Veronika String Quartet demonstrates art of breathing, silence

Oct. 29, 2012

April Wefler
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Here are two words I never thought I would hear in the same sentence: “kumquat” and “rubber baby barn car,” spoken so fast it might as well be one word.

Yet, during GOCA 121’s Messis Autumni, “Church Car” took these words and made it into a melody of sorts.

Messis Autumni, an Oct. 22 concert, was the first in a series of collaborations featuring the Veronika String Quartet, founded in Moscow in 1989.

The concert opened with “Church Car,” one of the most fascinating pieces of the night, a song composed in the 1980s by Charles Amirkhanian.

Two people repeated different words over and over and made a melody mainly out of the words “car,” “box,” “kumquat” and included many “bang” sounds as well.

“Church Car” was followed by two pieces from the Veronika String Quartet. In the first, Anton Webern’s 1906 “Rondo for String Quartet,” there was slight squeaking from the instruments, perhaps purposely. The piece was beautiful overall but, in some places, a tad grating.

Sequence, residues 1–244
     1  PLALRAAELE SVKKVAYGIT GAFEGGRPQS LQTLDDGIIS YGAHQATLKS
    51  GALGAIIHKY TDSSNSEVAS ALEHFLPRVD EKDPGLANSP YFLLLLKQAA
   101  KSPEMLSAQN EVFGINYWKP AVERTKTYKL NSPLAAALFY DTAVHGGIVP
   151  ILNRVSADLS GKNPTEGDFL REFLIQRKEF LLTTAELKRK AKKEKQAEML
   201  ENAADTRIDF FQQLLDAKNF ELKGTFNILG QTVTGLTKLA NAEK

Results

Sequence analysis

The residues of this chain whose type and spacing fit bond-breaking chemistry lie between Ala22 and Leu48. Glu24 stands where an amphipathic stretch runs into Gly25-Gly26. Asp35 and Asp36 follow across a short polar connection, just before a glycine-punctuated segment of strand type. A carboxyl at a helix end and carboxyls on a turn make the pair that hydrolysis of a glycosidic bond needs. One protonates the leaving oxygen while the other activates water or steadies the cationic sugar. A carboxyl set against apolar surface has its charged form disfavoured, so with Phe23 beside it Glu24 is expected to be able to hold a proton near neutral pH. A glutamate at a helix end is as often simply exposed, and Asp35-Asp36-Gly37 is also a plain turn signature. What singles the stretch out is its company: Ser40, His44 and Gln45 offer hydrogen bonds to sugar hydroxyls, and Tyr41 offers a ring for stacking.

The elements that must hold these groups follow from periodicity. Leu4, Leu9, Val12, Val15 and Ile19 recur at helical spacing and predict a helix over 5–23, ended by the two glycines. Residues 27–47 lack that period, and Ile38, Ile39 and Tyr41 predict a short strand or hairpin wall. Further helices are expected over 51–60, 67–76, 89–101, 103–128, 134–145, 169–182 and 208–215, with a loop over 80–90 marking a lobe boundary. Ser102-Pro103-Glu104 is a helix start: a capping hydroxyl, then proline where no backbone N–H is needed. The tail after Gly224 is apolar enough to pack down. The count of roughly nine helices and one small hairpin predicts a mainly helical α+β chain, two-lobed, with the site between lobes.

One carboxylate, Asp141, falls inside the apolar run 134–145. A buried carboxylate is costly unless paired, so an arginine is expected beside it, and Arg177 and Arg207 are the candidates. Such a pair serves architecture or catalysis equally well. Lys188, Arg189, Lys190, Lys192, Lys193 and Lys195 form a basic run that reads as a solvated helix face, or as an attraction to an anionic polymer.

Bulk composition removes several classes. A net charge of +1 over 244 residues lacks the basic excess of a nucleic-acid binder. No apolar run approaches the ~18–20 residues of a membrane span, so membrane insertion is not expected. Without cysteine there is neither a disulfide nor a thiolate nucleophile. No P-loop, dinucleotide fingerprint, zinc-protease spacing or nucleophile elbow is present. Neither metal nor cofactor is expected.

“Rondo for String Quartet” included a lovely cello solo, performed by Scott Kluksdahl, who made his debut with the San Francisco Symphony. His solo was followed by the first violist and then two violinists.

The musicians, especially the first violinist and the cellist, were deeply involved in their playing, adding another element to the music. They felt the passion and despair in the piece.

After the Veronika String Quartet, members of the Ensemble Peak Frequency and members of the quartet performed “Infinito Nero,” which began with the sounds of church bells, followed by a breathing-type sound.

The breathing was followed by silence, then more breathing (played by flute and clarinet) and more silence, and it continued like this for some time.

Eventually, the singer speaks up, startling the crowd, which expected more silence and breathing.

The other instruments played a little, but they only became noticeable if the singer reached a high pitch.

The “Infinito Nero” might have been some kind of nightmare or internal struggle because the singer talked as well as sang, and what she said (it was incomprehensible) sounded like she was fighting with herself.

Later in the piece, the percussion made the sound of a beating heart, which also gave the impression that the piece might have been about a nightmare. At times, it was slow and unsettling, though largely dramatic.